Rob Bell Takes on Suffering

The Drops Like Stars author talks about the connection between art and pain.

BY RELEVANT CULTURE / BOOKS October 12, 2009

Rob Bell is currently on a book tour for his new book, Drops Like Stars [check
out our review here
]. We had the opportunity to talk to the author and
pastor about suffering, his new book and how we can recalibrate our
thinking when we feel completely broken (part of this interview is also on our 10.12.09 podcast)

In your new book, Drops Like Stars, you say that “Our suffering
forces us to imagine.” Can you elaborate on that? It seems like you’re
pushing us to the idea that dreaming again might be just as violent as
grieving.

A blank page of any sort can be terrifying—a
blank screen or “they’re not going to be around anymore tomorrow or the
next day or the next day” or “we worked together for however many years
and now we’re not going to work together anymore.”

[Or
there’s] the person who lost their job yesterday: What am I going to
do? That terror can be read another way as well. Which can be deeply
insensitive to say to someone, “Hey, you lost your job, think about what
tomorrow may bring.” But the truth is, given a larger perspective,
“So … well … what do you want to do now?” The whole book is about a
paradoxical gift, a sort of bloody, traumatic, awful, strange gift.

In
the Jewish tradition, the first thing you do when someone dies is you go
over to their house. So the first thing you can give people is your
presence. Perhaps in that sense the book is step two or three as
opposed to, “Oh, something horrible just happened? You need to start
reading.” It may be a while.

I just got a text from a woman who
had a relative who took his own life and it wasn’t that long ago and
for her the book spoke to her exactly where she’s at. I was interested
that she was able … ’cause sometimes you’re in enough pain and you’re
like “Okay, the good side of this? C’mon.” Even the idea of a good side
[seems impossible]—but the book isn’t like “Hey there’s a good side”
it’s more like “in the midst of this agony are all sorts of interesting
paradoxes, let’s just sit in them.” I’ve tried to be very respectful of
people and hopefully what people come out of it [with] is real and not
sort of manufactured, “Hey you should buck up.” It might be a while.

Drops Like Stars is all about suffering. How has Rob Bell experienced suffering?

First,
on a less personal note, as a pastor over the years the interesting
thing is that you end up being invited into peoples’ really intimate
moments of suffering. So you barely know these people and all of a
sudden you’re at the hospital standing over this plastic box with them
that has their kid in it who’s gonna die in nine days. And then you see
them three months later, and then a year later, and then you see them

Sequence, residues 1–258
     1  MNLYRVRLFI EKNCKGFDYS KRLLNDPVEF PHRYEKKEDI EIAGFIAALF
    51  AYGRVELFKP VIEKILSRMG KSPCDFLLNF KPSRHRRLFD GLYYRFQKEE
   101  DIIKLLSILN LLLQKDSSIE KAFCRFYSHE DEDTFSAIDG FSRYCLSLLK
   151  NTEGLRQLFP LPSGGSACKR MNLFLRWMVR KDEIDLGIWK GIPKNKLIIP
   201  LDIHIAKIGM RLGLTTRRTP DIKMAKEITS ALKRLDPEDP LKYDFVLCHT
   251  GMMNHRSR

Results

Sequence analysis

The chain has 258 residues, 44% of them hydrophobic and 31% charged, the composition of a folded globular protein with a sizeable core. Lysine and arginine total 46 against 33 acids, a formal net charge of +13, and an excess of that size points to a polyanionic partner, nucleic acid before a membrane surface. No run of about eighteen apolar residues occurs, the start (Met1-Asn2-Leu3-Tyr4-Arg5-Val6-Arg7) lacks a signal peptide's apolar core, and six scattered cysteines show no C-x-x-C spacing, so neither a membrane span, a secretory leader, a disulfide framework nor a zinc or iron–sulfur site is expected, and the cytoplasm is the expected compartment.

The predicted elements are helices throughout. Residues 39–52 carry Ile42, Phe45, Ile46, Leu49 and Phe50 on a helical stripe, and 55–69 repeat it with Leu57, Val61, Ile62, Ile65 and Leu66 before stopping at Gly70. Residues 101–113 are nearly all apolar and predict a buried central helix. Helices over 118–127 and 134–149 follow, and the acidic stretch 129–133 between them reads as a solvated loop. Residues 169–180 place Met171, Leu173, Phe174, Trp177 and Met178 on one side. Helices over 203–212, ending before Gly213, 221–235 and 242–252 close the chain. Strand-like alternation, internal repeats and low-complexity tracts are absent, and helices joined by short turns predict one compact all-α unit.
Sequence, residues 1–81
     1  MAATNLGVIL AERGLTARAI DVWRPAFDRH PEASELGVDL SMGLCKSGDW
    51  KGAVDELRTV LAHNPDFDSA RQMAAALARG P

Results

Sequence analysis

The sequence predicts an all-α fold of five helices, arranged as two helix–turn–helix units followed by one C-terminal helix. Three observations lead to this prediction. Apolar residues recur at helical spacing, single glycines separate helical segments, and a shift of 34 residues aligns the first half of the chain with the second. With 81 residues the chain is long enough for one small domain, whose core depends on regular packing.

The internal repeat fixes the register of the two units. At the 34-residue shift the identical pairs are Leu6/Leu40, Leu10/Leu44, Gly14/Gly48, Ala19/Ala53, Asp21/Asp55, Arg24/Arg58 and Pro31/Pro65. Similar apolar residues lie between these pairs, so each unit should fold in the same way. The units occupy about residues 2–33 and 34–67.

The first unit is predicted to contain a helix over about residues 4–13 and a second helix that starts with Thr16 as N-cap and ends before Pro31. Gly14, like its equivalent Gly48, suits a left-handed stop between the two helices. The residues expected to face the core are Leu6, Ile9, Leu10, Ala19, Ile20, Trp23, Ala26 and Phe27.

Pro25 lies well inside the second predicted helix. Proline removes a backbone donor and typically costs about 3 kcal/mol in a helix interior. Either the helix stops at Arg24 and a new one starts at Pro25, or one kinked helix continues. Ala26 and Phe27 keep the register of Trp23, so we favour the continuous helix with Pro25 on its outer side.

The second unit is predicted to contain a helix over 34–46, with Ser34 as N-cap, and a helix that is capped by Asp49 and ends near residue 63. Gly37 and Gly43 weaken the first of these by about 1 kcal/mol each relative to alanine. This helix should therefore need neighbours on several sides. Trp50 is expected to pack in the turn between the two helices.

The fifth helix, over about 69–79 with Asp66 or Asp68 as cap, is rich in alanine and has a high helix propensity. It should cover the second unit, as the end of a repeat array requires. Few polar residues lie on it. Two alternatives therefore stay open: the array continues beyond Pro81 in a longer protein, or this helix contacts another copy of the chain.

two years later when they got pregnant again and have a healthy kid.

Or
you do funerals: I’ve had numerous times, especially when we first
started the church, [when it was] me, the casket and the family at the
funeral home in a [small room] and we have to come up with an order of
service. A family friend of ours died a couple of months ago, so we got the closest relatives together in a room to talk about what
they wanted for the funeral service. It turned into their first chance
in a room together to actually talk about him.

[But] I would not be
who I am if it wasn’t for relationships that didn’t turn out and people
that really, really, really hurt me. When your work has a sort of public
dimension to it, people feel free to say whatever they want. So
everything from your family to your motives to your integrity to your
weight, people feel free to comment on. Over time, you either become
cynical and hard and bitter, or you learn to forgive and somehow for
some strange reason keep your heart soft.

I
hesitate to talk about it, but when you do what you do and there’s a
public dimension to it you are exposed and vulnerable and out there and
there are ways that people react and things that people say that are
very, very painful. And you’re just kind of, if I could use the word
"faithful," you’re just trying to be true to what’s been put before
you. That is a “wow, I was just kind of doing my thing.” That does
produce a sort of pain.

And how do you respond to that suffering?

Well,
I think the simple truth is that I have an invitation here to choose a
well-worn path of closing down and contracting within myself and just
“This person said what? I think all people are horrible.” What am I
going to choose to believe here? Will what this person did now in my
mind define them? Are they now what they did, so I will no longer be
able to see them without thinking of what they did?

Or will I
somehow absorb that pain and experience a sort of death and rebirth
where I can see them again as a person who says nasty things just like
me? And obviously a church and having been at the center of a church
that has been on a wild ride: “How do we get along, we have issues and
they’re going to come out.”

When you’re in a season of suffering, how does art speak to you in those moments? What art in particular?

A
lot of books in Drops Like Stars are in there because they’ve helped me:
There’s a series of novels in there that helped my wife and I through
some very hard [times]; Irving Stone’s novel on Vincent Van Gogh; [and]
the new Muse album will get me through the apocalypse.

RELEVANT

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